Camille Paglia, an American college professor and social critic, is one of a kind: a feminist who objects to almost every form of feminism known to womankind; a sexual radical who believes in complete freedom of sexual expression, yet a realist who insists that women have to take full responsibility for the sexual choices they make; and a lesbian who objects to the current censorship of any discussion about the causes of homosexuality.
Paglia is, in fact, a notorious contrarian on practically every social issue. And for all her radicalism the 69-year-old often sounds more like an Italian grandmother of yesteryear (she is the child of Italian immigrants) than the political progressive and sexual radical she claims to be. At least, that is the impression left by the very interesting and entertaining interview with Ella Whelan of Spiked (the home of UK contrarianism) about feminism, recorded in the video above.
The video is half an hour long, but here is a taste of Paglia’s views on the issues flourishing in the American hothouse.
Today’s college students
“They have no sense of the great patterns of world history, the rise and fall of civilisations like Babylon and Rome that became very sexually tolerant, and then fell. If you’ve had no exposure to that, you can honestly believe that ‘There is progress all around us and we are moving to an ideal state of culture, where we all hold hands and everyone is accepted for what they are … and the environment will be pure…’ – a magical utopian view that we are marching to perfection. And the sign of this progress is toleration – of the educated class – for homosexuality, or for changing gender, or whatever.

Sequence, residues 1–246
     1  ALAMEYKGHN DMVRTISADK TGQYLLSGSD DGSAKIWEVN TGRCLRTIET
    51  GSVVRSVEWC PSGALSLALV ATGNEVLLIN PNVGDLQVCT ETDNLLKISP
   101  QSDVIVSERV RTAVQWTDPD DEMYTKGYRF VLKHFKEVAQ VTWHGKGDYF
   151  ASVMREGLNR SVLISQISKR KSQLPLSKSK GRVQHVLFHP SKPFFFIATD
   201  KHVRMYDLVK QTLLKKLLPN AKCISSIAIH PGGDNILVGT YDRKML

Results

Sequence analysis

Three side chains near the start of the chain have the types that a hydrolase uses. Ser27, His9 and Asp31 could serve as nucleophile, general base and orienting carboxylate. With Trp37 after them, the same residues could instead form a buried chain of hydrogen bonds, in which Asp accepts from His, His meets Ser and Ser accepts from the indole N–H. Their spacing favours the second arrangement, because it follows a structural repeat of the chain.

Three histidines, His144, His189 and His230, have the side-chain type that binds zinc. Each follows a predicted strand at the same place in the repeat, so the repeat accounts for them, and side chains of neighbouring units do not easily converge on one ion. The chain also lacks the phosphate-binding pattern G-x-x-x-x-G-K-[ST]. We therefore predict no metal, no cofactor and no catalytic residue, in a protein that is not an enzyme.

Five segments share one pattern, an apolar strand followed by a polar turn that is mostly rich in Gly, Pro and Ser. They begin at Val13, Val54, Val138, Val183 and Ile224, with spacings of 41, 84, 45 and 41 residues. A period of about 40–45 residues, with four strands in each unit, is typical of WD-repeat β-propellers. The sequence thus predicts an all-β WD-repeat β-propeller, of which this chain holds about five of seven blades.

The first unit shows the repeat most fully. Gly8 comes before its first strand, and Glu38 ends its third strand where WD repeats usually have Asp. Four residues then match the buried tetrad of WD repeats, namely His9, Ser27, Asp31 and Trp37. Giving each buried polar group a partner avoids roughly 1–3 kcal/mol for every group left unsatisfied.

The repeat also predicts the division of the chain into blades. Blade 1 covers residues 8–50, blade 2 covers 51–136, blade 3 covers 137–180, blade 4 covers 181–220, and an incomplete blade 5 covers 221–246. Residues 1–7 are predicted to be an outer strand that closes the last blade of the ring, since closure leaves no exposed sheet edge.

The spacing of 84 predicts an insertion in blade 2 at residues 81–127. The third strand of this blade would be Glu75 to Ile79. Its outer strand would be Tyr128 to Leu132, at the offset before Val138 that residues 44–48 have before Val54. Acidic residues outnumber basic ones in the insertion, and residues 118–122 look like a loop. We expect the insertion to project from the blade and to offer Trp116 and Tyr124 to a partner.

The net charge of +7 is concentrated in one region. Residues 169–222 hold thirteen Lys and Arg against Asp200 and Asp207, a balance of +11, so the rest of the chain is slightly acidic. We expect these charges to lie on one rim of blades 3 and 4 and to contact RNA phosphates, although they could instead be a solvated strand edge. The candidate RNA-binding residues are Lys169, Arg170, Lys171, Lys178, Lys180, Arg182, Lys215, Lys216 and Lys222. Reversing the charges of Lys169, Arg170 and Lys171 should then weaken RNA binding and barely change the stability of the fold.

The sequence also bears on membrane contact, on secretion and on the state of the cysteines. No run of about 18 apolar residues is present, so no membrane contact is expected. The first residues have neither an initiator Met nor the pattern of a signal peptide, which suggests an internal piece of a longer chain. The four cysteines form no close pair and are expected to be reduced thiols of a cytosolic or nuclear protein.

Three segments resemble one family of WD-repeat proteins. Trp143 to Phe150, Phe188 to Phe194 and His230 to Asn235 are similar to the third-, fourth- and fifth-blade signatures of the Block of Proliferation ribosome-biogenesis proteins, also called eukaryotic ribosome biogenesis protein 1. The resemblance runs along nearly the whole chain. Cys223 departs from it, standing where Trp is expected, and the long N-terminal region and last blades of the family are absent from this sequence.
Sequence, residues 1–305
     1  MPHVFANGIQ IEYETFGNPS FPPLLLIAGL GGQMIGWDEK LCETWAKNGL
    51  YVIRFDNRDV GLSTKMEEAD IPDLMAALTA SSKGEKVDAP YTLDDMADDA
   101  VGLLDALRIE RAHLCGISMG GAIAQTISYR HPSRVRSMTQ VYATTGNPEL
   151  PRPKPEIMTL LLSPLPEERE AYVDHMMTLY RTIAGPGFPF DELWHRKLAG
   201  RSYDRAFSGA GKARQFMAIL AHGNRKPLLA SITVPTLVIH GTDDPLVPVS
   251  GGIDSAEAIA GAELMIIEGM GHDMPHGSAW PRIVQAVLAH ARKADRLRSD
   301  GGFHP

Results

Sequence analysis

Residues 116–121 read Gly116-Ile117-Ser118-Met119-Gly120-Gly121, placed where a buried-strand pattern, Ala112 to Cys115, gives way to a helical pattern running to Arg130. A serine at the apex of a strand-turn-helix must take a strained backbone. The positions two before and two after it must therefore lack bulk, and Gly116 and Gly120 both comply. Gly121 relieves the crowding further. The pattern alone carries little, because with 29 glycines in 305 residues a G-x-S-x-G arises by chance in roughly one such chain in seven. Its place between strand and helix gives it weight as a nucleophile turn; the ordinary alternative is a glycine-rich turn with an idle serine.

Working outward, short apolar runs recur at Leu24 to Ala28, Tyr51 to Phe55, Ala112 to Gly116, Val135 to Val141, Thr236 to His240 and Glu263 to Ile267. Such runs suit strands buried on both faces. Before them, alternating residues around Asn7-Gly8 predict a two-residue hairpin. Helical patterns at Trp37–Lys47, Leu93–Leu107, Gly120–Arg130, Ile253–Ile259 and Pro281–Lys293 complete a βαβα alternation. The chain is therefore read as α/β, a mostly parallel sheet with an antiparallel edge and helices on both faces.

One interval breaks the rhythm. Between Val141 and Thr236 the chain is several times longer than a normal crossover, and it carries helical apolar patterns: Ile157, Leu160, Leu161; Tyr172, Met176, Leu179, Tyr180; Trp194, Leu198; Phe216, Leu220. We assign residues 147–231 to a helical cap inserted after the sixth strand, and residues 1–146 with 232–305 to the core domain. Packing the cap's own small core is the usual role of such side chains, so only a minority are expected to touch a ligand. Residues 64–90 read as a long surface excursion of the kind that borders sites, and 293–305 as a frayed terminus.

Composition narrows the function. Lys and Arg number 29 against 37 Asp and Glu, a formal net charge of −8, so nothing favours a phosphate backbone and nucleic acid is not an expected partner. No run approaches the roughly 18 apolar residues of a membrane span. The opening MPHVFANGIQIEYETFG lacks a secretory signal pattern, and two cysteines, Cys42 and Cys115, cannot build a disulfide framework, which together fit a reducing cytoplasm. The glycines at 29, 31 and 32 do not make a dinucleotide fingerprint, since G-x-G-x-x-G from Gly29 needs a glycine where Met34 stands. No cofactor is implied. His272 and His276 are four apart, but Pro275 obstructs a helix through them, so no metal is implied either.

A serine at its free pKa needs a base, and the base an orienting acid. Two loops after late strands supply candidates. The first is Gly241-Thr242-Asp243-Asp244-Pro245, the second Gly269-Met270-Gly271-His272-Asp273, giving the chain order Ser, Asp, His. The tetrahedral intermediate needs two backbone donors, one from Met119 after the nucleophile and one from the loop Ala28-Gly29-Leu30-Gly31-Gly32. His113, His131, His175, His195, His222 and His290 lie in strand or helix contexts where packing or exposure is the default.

“To me it’s a sign of the opposite, it’s symptomatic of a civilisation just before it falls: ‘we’ are very tolerant, not passionate, but there are bands of vandals and destroyers circling around the edge of our civilisation who will bring it down.”
“There is censorship of discussion about the causes of various gender issues – for at least 25 years, now, in the case of homosexuality itself. In the 1980s there was talk of finding a gay gene, but when that was not found, silence [became the rule]. To even raise the question of how homosexuality is caused is considered homophobic. But I think it is imperative for everyone to ask questions about matters of development of the personality and sexual orientation.
“I’m waiting for some brave young gays to protest against the censorship.”
On identity politics and transgenderism
“This hyper-self-consciousness about ‘Who am I? Where exactly am I on the gender spectrum?’ is mere navel-gazing, while in the Middle East ISIS is beheading people. It is a kind of madness of self-absorption.”
Noting that Hillary Clinton gave transgenders specific mention at the beginning and end of a rally speech last week, the interviewer asks why this issue gets so much attention in the news.
Paglia throws up her hands in exasperation at the daily coverage of “transgender bathrooms” in the US media. She suggests it is “symptomatic of people feeling that world events are out of their control.” Transgender activists can be very aggressive, she adds. As for the others: